Atlas Obscura

The Many Lives of the SS Palo Alto

The SS Palo Alto.

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The SS Palo Alto was one of three concrete tankers built in California to serve in World War I, but it was late to be finished and the war came to an end before construction did. Without any war duty ahead, the question became: What to do with 6,100 tonnage of concrete shaped like a ship?

By the end of WWI, iron and steel had become scarce, and a few ships were fashioned instead from concrete, intended to work as tankers. Construction on the SS Palo Alto started in Oakland in 1917, and the ship was set to sail a couple of years later—but the war soon ended, and so the Palo Alto needed to find a new job. It sat in the shipyard, unemployed, for the next 10 years until 1929 when an enterprising company from Nevada thought it might make a good entertainment and fishing destination. They bought the ship, found a willing beach town to set up excursions from, and towed it down the coast to Aptos, just a few miles south of Santa Cruz on Monterey Bay.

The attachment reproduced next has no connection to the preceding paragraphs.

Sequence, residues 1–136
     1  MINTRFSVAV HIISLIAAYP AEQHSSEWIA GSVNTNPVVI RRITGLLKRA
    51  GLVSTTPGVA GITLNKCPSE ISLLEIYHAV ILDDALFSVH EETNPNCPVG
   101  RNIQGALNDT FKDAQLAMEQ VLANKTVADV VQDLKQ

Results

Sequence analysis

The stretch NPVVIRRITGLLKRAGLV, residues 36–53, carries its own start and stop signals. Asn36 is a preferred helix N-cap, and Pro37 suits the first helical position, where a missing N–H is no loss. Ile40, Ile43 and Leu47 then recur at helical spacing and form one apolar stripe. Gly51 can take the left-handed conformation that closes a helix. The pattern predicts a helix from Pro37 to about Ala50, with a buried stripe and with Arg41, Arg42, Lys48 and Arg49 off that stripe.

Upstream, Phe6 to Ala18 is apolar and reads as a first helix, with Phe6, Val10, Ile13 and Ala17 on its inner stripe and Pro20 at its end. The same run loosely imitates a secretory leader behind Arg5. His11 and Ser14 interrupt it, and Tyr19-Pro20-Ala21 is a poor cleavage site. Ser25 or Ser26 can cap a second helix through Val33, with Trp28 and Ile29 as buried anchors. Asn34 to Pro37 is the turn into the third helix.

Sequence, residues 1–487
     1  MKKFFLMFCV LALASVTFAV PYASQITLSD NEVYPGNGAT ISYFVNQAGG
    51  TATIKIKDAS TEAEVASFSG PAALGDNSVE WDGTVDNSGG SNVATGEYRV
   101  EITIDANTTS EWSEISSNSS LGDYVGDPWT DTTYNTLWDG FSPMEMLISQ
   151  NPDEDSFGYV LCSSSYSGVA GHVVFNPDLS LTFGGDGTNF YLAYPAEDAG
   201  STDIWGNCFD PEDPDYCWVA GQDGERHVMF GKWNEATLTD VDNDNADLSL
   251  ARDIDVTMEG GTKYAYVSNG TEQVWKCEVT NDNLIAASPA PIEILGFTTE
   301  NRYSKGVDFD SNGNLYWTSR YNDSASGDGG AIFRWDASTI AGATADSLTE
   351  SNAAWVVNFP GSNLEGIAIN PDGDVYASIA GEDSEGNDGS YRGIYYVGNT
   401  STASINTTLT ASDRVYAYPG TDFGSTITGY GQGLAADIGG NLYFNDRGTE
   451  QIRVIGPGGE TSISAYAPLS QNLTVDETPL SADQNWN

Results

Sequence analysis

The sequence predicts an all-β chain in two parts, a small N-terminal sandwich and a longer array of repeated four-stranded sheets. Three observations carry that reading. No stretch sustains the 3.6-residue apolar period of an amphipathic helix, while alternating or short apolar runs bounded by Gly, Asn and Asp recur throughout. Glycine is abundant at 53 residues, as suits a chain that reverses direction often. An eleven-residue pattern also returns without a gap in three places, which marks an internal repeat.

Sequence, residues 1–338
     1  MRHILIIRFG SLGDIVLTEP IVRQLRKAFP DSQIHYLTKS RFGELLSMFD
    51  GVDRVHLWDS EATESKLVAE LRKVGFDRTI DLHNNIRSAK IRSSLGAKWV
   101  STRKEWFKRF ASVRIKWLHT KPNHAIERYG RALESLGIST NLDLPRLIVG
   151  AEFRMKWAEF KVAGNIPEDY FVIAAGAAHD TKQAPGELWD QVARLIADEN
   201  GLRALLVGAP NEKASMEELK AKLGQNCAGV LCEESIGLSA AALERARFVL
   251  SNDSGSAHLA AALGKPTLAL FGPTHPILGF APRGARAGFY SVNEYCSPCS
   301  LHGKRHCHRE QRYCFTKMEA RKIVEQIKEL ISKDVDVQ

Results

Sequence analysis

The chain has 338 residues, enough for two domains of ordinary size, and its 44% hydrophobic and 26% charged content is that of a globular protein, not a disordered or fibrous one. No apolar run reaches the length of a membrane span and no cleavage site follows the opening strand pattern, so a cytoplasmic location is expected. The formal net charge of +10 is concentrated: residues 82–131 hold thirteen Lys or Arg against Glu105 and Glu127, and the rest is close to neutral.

The excursion idea never really caught on, so the company tried to create a permanent home for their new venture. The ship was positioned just off Seacliff Beach, the hold was opened up, water poured in, and it nestled right down in the sand. The next year an access pier was built out to the ship, and she got a full facelift adding a ballroom and dancefloor, a casino, a café, a 54-foot swimming pool (heated—that Monterey Bay water is cold), and a number of carnival games and booths. The dancing, dining, and swimming lasted only another two years, and the company went bankrupt in the wake of the depression. The ship was stripped bare and turned into a fishing pier.

Today you can fish off the pier, but fishing from the ship itself is no more. Instead the SS Palo Alto has embarked on its fourth career and now acts as a different kind of destination. This time it’s the abundant marine life and shorebird populations of Monterey Bay who have run of the ship.

Submitted by Atlas Obscura contributor ARedd.

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